Delicious Vegan African Cuisine

Vegetarian “Beef” Samosas – The Canadian African

These vegetarian “beef” samosas are a 100% plant-based take on East African style samosas. Crunchy and deliciously filling.

Samosas are eaten in many forms around the world. Many may also know it as sambusa, samosa, sambosek, or singara, but they are more or less the same thing. Samosas are unyeasted flour dough stuffed with spiced beef, chicken or potatoes and peas, shaped into triangles and fried. As a kid in Tanzania, I used to love eating these after school. Now that I’m an adult who’s also vegan, I’ve missed these childhood treats and ventured to veganize their beef versions. The plant-based mince is perfectly seasoned, and the crust is extremely crunchy and delicious.

What is a samosa and where does it come from

When most people hear about samosa, they might fall in love with Indian food that is usually served in Indian restaurants or sold in Indian grocery stores. A triangular-shaped snack with a well-seasoned filling made with spices traditionally used in Indian cuisine. But like many dishes found in the Indian Ocean and Middle East, samosas are another artifact of trade and migration with roots throughout the Middle East and South Asia.

The first mention of samosa is by an 11th-century Persian historian, describing a snack stuffed with meat, nuts and spices and fried until crisp. The snack then made its way to India through trade, war and migration, where it adapted to local tastes. Trade brought this flaky dish across the Indian Ocean, where it was adopted as part of the diet by cultures in the Horn of Africa and East Africa. In Tanzania and other East African countries, samosa was brought with the millions of indentured Indian laborers brought by the British to build railroads or has been used for centuries on the Swahili coast. It may have existed because of the Indian and Arab influences in

What you need for this recipe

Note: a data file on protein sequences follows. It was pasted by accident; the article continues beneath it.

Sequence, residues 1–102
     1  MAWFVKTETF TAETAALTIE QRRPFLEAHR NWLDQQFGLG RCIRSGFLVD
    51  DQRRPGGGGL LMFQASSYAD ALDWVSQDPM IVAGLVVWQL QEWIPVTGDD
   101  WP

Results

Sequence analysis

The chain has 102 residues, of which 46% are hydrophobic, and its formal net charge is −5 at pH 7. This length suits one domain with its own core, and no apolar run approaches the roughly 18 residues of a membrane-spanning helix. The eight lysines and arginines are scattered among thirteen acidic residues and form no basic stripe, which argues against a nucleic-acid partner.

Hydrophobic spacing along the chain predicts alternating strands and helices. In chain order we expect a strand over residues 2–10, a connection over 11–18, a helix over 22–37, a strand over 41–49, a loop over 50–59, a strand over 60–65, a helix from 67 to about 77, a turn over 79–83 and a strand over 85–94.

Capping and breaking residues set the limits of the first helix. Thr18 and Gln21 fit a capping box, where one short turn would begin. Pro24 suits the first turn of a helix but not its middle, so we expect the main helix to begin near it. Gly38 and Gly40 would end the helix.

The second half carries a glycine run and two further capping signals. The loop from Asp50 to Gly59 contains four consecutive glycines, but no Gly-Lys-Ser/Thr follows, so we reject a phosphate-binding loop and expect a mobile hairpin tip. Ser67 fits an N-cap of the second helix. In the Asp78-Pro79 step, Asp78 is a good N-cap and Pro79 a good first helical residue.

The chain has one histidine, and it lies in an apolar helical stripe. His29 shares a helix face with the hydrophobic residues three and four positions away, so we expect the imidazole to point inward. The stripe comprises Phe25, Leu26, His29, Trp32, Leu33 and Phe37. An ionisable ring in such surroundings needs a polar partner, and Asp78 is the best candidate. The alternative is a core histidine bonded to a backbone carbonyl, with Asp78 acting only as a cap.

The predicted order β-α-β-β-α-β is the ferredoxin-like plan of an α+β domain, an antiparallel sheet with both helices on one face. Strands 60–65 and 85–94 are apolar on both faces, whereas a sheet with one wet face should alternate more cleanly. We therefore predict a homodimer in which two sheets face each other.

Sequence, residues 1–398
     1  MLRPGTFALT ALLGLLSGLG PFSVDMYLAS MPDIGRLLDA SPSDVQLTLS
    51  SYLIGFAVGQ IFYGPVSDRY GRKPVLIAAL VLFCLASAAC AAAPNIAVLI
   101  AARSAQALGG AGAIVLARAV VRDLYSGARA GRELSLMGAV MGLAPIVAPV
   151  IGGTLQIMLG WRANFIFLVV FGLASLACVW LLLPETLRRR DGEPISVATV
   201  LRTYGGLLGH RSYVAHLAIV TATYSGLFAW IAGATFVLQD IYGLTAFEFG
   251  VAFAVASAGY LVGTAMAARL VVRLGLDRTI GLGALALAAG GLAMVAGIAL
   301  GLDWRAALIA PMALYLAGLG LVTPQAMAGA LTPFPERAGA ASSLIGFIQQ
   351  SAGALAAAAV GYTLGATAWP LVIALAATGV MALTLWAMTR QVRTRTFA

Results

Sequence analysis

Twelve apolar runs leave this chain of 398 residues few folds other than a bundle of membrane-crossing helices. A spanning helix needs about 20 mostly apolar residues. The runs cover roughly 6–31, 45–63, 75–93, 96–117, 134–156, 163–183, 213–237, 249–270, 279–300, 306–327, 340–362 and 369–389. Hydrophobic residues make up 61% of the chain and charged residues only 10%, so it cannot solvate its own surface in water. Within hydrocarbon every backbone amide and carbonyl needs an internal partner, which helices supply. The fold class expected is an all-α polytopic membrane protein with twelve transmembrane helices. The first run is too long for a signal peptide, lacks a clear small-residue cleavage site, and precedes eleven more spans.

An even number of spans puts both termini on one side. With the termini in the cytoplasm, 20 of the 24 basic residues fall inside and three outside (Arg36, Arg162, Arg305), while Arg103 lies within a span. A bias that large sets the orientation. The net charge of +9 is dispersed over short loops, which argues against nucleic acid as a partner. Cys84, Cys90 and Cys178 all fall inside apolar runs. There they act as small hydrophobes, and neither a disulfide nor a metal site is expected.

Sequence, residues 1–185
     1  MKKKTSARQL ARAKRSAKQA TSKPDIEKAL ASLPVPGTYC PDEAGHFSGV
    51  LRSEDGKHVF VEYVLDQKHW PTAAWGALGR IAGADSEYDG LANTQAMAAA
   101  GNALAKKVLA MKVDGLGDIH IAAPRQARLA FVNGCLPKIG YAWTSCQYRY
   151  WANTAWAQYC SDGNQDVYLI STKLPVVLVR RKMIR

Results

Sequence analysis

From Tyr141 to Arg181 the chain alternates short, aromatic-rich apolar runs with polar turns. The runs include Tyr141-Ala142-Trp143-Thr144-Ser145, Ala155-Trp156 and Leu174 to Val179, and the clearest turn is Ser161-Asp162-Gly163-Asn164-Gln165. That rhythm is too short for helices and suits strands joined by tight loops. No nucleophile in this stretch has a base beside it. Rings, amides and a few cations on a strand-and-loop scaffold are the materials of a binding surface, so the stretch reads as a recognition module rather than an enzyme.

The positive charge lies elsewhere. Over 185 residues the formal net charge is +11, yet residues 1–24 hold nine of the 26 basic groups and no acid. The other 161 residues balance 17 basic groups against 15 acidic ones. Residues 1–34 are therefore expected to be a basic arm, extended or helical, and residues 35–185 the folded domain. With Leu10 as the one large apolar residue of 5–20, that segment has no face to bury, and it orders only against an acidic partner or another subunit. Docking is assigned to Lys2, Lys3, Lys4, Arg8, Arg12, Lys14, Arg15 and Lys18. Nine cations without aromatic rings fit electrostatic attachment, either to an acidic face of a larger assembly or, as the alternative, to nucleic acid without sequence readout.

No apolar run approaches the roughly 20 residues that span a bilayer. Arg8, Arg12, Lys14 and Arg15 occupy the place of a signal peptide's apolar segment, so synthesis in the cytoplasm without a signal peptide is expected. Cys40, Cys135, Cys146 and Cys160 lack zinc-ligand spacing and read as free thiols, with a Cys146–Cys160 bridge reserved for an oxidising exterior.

• Plant-based mince: These plant-based mince add a taste and texture similar to real beef mince and complement the spice flavor well. For substitutions, please read the substitution list.
  • vegetable: Onions, ginger, garlic, green peppers, carrots. These are customizable, but onions, garlic and ginger are very important.
  • spices: Just cumin, garam masala and salt.


  • If you want to make your own, just flour and water
  • You can also buy frozen spring roll wrappers at the grocery store

How to Make Vegetarian “Beef” Samosas


  1. Cook the plant-based mince until all the moisture evaporates and is crisp
  2. Add the seasonings and vegetables and sauté until the vegetables are tender.
  3. set aside to cool


  1. Knead the water and flour together until you have a soft, non-sticky ball.
  2. rest for 30 minutes
  3. Roll into a log and divide into 6 equal parts
  4. Take one, roll it into a small circle, oil it and then dust it with flour.set aside
  5. Roll the next piece into a small circle, layer oil and flour over the expanded circle, then oil and dust with flour. Repeat with next dough.
  6. Repeat step 5 to start another stack
  7. Roll out the stack and fry in a skillet until partially cooked

shape and fly

  • Make a paste/glue with flour and water

strip method

circle method

Frequently Asked Questions + Substitutions

  • I have nothing but meat. Are there any alternatives you suggest? Any plant-based ground meat works well. You can also feel free to use cooked lentils in this recipe. 1 can of browned lentils or about 1.5 cups of cooked lentils work well for this recipe. Place the lentils, spices and vegetables in a pot and simmer until the vegetables are tender.
  • Garam Masala is not accessible. Are there alternatives? Garam masala is now readily available at many major grocery stores.
  • Do you have any suggestions for gluten-free wrappers? The wrapper is gluten-dependent, but you’re welcome to try this recipe with all-purpose gluten-free flour. Bob’s Red Mill.

Want to try other East African recipes?

  • Mushroom Pilaf: A typical rice recipe eaten throughout East Africa with a plant-based twist.
  • Mishkaki Tofu: Mishkaki is a style of grilled meat eaten in some East African countries. This plant-based alternative used the same flavors and spices to make tofu taste even better.